Small businesses are still reeling from the California Supreme Court’s 2018 decision in Dynamex v. Superior Court, which announced a new test for determining whether a worker is an independent contractor or an employee. Dynamex came as a shock to small business owners who had relied on long established California case law in classifying workers as independent contractors. And now, nearly nine months after Dynamex pronounced its new ABC test, many businesses still struggle to legally classify workers. We continue to hear from small businesses from all sectors—photographers, salon owners, construction companies, businesses offering linguistic services, gun shop owners, etc. Indeed, the informational sessions that we’ve participated in have been very well attended, with many great questions.
We more fully explained the implications of the Dynamex decision here. But, as a refresher, to properly classify a worker as an “independent contractor” you must show that: “(A) that the worker is free from the control and direction of the hiring entity in connection with the performance of the work, both under the contract for the performance of the work and in fact; (B) that the worker performs work that is outside the usual course of the hiring entity’s business; and (C) that the worker is customarily engaged in an independently established trade, occupation, or business of the same nature as the work performed.”
Whereas the previous standard allowed for a balancing of several considerations, the ABC test is rigidly formulaic—allowing zero flexibility. That’s a major problem for many small businesses, including entrepreneurs who want to maintain their independence. But, to add insult to injury, the plaintiff’s bar is now arguing that businesses should be held liable under this new standard even for independent contracting work performed prior to the Dynamex decision.
For this reason, NFIB Small Business Legal Center recently filed an amicus brief urging the Ninth Circuit Federal Court of Appeal to limit liability under Dynamex. Our amicus brief in Lawson v. Grubhub argues that the Dynamex test should not be imposed retroactively on businesses who had legitimately relied on prior case law. Indeed, it would be inherently unfair to hold someone accountable to a rule that didn’t exist at the time.
One of the most frustrating issues is that no other state has adopted an ABC test by judicial fiat. For example, Massachusetts had the worst independent contracting rules in the country prior to the Dynamex decision. But as much as NFIB opposed adoption of an especially inflexible ABC test in Massachusetts, at least it was the Legislature (i.e., not a court) making-up the rules. And while many states apply legislatively adopted ABC tests with a degree of flexibility, the California Supreme Court decided that Massachusetts’ version was the best public policy on the issue. We could not disagree more on what makes good public policy; however, the fact that the California Supreme Court arbitrarily chose to apply law from a foreign jurisdiction is especially disconcerting. And to the question of whether Dynamex should apply retroactively, we maintain that no one could have foreseen that the Court would have applied Massachusetts law here.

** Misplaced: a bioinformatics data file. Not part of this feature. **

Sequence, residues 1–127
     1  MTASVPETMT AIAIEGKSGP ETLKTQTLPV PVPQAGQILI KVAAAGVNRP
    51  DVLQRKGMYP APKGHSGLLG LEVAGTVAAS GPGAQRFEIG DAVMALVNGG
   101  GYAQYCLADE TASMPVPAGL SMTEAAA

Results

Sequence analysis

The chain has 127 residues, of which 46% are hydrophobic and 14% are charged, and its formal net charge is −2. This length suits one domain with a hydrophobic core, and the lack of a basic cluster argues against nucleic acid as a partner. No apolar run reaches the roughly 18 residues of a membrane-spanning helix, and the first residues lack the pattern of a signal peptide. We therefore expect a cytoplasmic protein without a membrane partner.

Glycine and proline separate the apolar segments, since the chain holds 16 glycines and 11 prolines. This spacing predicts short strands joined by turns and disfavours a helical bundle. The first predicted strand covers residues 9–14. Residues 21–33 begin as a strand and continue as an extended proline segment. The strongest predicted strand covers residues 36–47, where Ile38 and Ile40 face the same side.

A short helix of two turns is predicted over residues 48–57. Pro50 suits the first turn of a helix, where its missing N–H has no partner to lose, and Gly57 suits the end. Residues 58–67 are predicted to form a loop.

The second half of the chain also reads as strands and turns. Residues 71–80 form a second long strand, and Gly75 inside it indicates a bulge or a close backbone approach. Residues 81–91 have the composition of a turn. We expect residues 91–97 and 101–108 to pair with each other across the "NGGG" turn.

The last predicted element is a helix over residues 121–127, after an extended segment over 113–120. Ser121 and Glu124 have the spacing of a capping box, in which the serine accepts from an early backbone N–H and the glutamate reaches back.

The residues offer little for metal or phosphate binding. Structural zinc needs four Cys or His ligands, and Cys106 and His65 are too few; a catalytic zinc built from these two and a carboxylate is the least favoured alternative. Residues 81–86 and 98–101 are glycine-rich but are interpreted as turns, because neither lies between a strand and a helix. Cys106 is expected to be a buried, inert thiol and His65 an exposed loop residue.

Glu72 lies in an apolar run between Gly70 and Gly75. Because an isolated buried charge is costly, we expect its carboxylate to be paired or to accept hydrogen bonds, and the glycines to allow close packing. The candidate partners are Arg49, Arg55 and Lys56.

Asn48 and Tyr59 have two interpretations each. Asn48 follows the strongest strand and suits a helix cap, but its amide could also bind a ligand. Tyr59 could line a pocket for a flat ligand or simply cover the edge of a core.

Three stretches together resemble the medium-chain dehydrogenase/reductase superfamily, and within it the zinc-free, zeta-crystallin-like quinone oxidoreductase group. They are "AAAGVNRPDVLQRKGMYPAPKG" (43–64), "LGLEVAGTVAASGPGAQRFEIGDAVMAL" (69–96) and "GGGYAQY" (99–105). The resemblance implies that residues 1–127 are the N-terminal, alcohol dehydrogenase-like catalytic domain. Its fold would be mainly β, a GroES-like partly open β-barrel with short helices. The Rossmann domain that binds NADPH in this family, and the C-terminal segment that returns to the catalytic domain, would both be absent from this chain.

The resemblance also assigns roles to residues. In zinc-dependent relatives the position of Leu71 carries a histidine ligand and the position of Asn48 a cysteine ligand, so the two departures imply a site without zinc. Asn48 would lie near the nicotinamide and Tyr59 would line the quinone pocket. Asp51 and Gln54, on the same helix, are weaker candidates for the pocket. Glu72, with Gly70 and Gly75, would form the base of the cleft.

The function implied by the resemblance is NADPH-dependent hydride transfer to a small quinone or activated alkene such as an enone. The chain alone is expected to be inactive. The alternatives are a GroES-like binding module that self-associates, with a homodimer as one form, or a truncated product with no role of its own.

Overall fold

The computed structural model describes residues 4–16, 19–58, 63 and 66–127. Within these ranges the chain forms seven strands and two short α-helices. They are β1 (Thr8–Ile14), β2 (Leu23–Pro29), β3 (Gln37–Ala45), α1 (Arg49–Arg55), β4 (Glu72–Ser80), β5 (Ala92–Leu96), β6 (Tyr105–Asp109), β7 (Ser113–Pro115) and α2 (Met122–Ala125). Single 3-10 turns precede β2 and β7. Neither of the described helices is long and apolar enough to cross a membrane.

Meanwhile, we’re working in the courts to limit Dynamex in other ways. In our Grubhub brief we argue that Dynamex should only apply to wage and hour issues in California. And the good news is that one California Court of Appeal has held that Dynamex does not apply to other potential claims, which is good news for someone facing an EDD or workers compensation audit. Yet we must emphasize that, as a practical matter, businesses must comply with the most stringent applicable independent contracting test, which means Dynamex remains a huge problem for many.
Theoretically, the Legislature may step-in to reinstate the old rules, or to provide at least a little bit of flexibility or greater clarity. But in the absence of legislative action we’re stuck with Dynamex. Even so, there will be further cases testing the waters in the wake of Dynamex. In fact, it is absolutely necessary for either the Legislature or the courts to flesh-out the “B prong” more because the California Supreme Court gave precious little guidance as to what constitutes the “usual course of business.” The Court gave a few overly simplistic examples of arrangements that would pass or flunk its B test; however, this leaves many businesses scratching their heads as to whether or not they’re caught-up in this mess. So, rest assured, NFIB is working on this issue in the Legislature, and the Legal Center in the courts to address these pressing issues.